PRESIDENT'S scaled-back plan for new oil leases in Gulf appeases brother, environmentalists - NewsOn6.com - Tulsa, OK - News, Weather, Video and Sports - KOTV.com |

PRESIDENT'S scaled-back plan for new oil leases in Gulf appeases brother, environmentalists

Updated:
PENSACOLA, Fla. (AP) _ In a concession to Gov. Jeb Bush and environmentalists nationwide, the Bush administration revealed a dramatically scaled-back plan to open about 1.5 million acres of the eastern Gulf of Mexico to oil and gas exploration.

The area, known as Lease Sale 181, originally covered 5.9 million acres and came as close as 17 miles to Pensacola in Florida's Panhandle. But three-fourths of the plan were cut _ mainly by eliminating drilling east of the Florida-Alabama state line _ after opposition from the president's brother and environmentalists nationwide.

Speaking from his parents' summer home in Kennebunkport, Maine, Jeb Bush said the compromise ``reflects significant progress in Florida's fight to protect our coastline.''

``I really call this a win for the people of Florida,'' the governor said. ``There's not going to be any drilling from a new lease sale off of Florida, and any lease sale off Alabama will be 100 miles off their borders as well.''

The plan to lease 1.47 million acres along the Outer Continental Shelf _ at least 100 miles from the shorelines of Florida, Alabama and Mississippi _ would be the first new offshore drilling in the Gulf of Mexico in more than a decade, Interior Secretary Gale Norton said Monday.

A final decision on the sale will be made in October. If approved, an auction for the leases would take place in December, Norton said. The auction is expected to raise $136 million.

Mark Ferrulo, executive director of the anti-drilling Florida Public Interest Group, called the plan a ``victory of historic proportions.''

But other environmentalists complained the smaller lease sale still could damage Florida's beaches.

``More rigs mean more pipelines and tankers, and thus a higher risk to Florida and Alabama's coastal economies and fisheries,'' said Frank Jackalone, the Sierra Club's Florida staff director.

Some Democrats also were critical of the new plan.

``It's obvious what the Bush administration is doing,'' said Sen. Bill Nelson, D-Fla. ``They're listening to the oil industry that supports their drilling plan and not listening to the millions of Floridians who oppose it.''

The House, with Florida Reps. Jim Davis, a Democrat, and Joe Scarborough, a Republican, leading the effort, voted last week to block the sale as part of an appropriations bill for the Interior Department. The Senate has not acted on the legislation. It could be September before any ban could become law.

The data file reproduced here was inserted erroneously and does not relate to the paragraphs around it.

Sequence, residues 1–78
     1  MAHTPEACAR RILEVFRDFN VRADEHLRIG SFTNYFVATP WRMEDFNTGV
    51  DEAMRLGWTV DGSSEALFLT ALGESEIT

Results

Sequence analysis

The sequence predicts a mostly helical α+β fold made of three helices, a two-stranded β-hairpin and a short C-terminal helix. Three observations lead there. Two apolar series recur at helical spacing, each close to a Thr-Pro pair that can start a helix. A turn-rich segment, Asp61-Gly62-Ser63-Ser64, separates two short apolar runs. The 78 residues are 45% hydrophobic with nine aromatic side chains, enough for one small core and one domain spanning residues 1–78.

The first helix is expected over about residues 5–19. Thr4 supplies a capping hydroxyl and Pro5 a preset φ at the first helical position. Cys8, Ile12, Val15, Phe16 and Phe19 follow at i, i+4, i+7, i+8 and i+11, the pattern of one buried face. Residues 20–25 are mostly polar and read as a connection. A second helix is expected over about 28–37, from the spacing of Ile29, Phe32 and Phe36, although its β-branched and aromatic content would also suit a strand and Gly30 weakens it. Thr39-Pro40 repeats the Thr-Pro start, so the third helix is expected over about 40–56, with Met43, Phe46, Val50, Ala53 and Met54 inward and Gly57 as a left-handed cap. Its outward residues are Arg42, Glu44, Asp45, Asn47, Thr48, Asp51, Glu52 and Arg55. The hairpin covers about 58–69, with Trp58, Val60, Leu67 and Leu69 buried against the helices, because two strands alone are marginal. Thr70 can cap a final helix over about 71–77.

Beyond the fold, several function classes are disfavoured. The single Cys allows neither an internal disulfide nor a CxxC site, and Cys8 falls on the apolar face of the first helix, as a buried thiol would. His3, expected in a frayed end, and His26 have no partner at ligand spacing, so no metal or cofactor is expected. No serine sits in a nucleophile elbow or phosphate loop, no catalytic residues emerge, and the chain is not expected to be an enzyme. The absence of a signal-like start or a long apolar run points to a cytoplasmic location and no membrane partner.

Alabama's Democratic governor and top Republicans welcomed Bush's oil and gas exploration plan.

Sen. Richard Shelby, R-Ala., called the compromise ``a step in the right direction.''

Alabama Gov. Don Siegelman has said he would support a ``balanced and reasonable'' plan that protects the sensitive offshore environment and his position had not changed Monday, a spokesman said.

Oil and gas drilling has been conducted for years in waters off the Alabama coast, with the state reaping royalties on production in state waters reaching three miles out. State conservation officials said Monday that 43 wells are currently producing in state waters.

Rep. Sonny Callahan, R-Ala., chairman of the energy and water subcommittee, said he too supports the Bush plan and is angered by the House vote, taken while he was in Alabama for a visit by the president.

In response, Callahan has threatened to block a 443-mile pipeline that is to route natural gas across the Gulf of Mexico to Florida.

Oil and gas rigs now dot the western and central waters of the Gulf of Mexico, but no federal lease has been offered in the eastern gulf since 1988.

Officials estimate the new, reduced lease area contains at least 185 million barrels of oil and 1.25 trillion cubic feet of natural gas _ enough oil to run a million families' cars for six years and enough natural gas to heat the homes of a million families for 15 years.
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